The objective of the Just Read Campaign is for every child in the UK to become a reader. This campaign is not about making children functionally literate. It goes beyond that. All the research shows that the child that reads for pleasure is more likely to achieve. Unfortunately, both the government’s own statistics and international research show that reading standards are not improving in the UK and that enjoyment of reading is declining.

Not every child comes from a reading home. Sometimes, these children are denied the cognitive, social and cultural advantages that reading for pleasure provides because their schools do not have a reading culture either.

These children are doubly let down.

There are many schools where the expectation that everyone reads is well established. Recent UKLA research shows that where teachers and schools have a sound knowledge of children’s books and how to use them to support children’s development as readers, standards rise and the level of enjoyment increases. Many teacher education establishments as well as organisations, government funded and others, are recording and disseminating good and effective practice. (For example, the National Literacy Trust’s Reading Connects, the National Association for the Teaching of English, the School Library Group, the School Library Association, the Youth Library Group, BookTrust, United Kingdom Literacy Association, ReadingZone.com, the Centre for Literacy in Primary Education).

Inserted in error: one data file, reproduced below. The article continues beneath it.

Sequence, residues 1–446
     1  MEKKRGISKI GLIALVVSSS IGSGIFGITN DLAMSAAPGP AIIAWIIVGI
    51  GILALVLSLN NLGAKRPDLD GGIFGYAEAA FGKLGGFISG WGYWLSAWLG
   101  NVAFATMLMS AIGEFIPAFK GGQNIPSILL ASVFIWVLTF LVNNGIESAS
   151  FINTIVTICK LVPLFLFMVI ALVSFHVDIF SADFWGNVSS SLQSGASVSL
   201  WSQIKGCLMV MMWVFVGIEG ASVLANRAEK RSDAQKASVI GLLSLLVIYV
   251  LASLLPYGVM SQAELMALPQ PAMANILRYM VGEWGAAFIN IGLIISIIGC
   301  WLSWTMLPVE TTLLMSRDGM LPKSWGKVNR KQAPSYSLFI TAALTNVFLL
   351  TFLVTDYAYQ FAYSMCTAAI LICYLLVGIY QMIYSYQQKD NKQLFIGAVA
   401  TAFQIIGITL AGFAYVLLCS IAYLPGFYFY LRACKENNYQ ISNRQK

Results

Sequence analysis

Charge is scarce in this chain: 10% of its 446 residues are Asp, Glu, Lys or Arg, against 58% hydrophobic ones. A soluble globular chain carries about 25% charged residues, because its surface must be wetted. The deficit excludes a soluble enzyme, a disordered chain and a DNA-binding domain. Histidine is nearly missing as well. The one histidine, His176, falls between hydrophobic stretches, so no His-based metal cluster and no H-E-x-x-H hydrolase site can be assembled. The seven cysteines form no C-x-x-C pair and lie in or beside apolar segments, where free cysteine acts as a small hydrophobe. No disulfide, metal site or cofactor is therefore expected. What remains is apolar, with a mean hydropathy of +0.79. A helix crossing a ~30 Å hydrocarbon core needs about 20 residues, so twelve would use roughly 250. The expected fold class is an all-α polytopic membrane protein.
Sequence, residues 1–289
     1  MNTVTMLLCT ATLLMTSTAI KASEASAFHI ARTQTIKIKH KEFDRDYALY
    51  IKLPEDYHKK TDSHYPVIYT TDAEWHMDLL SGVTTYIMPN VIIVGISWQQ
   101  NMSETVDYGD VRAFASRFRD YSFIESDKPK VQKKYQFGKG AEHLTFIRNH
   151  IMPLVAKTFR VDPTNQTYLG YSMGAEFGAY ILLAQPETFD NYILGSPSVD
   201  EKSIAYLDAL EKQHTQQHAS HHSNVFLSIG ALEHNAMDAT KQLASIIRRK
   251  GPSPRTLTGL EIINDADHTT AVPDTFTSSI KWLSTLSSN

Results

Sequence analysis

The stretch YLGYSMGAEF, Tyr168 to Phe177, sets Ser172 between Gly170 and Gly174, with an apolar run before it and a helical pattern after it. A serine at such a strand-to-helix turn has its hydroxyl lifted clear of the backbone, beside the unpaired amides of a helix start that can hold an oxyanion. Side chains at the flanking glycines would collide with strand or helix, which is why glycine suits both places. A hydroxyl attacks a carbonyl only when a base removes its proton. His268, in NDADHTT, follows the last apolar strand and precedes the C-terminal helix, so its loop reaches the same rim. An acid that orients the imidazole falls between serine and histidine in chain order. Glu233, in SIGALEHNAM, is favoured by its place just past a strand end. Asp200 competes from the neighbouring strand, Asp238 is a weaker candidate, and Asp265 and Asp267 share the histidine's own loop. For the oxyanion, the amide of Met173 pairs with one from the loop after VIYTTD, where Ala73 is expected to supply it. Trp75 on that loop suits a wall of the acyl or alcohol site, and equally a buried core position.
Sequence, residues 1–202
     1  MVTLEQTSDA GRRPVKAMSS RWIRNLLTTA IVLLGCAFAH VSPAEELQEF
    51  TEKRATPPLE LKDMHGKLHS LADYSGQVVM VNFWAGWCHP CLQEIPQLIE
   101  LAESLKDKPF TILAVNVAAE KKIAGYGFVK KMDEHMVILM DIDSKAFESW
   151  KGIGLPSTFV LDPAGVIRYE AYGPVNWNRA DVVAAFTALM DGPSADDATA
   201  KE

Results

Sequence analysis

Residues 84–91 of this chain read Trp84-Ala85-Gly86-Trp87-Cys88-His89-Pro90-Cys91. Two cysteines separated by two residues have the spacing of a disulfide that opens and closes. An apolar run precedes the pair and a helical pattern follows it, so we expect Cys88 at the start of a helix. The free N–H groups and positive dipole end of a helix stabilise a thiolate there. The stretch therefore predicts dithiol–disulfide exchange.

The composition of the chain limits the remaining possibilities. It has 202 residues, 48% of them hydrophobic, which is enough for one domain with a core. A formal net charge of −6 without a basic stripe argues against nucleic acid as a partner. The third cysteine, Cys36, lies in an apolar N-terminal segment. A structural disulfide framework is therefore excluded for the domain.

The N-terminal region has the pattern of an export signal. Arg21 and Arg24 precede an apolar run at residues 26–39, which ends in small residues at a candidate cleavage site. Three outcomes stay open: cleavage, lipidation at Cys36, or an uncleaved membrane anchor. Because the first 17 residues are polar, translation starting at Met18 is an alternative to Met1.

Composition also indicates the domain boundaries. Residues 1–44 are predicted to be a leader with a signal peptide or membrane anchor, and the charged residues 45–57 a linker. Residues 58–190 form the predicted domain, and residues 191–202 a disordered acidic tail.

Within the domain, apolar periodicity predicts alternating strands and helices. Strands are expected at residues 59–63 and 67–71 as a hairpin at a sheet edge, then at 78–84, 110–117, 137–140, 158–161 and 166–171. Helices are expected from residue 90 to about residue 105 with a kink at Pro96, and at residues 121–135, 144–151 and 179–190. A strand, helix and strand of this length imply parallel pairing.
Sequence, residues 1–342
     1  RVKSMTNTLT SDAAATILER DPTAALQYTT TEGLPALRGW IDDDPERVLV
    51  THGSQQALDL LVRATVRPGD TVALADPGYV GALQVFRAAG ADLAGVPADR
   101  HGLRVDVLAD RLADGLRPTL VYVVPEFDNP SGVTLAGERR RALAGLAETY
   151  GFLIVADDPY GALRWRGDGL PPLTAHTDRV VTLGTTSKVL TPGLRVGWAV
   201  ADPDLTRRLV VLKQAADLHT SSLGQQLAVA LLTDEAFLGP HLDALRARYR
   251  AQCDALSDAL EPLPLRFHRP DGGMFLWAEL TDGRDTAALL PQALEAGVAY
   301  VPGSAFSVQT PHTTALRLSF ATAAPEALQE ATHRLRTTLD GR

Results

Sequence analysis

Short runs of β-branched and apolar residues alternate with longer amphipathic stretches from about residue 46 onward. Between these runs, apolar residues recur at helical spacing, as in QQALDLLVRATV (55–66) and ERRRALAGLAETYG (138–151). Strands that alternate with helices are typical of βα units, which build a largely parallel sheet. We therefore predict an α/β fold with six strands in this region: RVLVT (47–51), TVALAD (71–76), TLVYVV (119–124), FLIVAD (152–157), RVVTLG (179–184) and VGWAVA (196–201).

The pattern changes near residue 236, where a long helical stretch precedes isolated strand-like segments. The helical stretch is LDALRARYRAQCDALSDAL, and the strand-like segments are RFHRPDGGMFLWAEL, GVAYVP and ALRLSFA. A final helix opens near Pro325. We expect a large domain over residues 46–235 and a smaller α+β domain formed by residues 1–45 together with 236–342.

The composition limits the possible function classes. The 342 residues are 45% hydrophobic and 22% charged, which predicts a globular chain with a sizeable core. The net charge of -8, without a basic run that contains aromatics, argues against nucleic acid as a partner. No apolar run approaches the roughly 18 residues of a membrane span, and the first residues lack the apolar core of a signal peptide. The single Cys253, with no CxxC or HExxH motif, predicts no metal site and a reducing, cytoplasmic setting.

With this in mind we urge the government to ensure the following:  

  1. That all schools acknowledge in their reading policies the role that children’s books and reading for pleasure have in the development of children as readers and achievers.

  2. That all teachers are aware that their knowledge of children’s books and their encouragement of reading for pleasure are vital in children’s development as readers. All children need access to knowledgeable adults who can support them in becoming readers.

  3. That all initial teacher education (primary and secondary) includes a compulsory module on the role of children’s books and reading for pleasure in the teaching of reading.

Of course, by ‘books’ we mean both traditional printed and digital formats. But whatever the format, all schools should provide children with stimulating and quality texts. 






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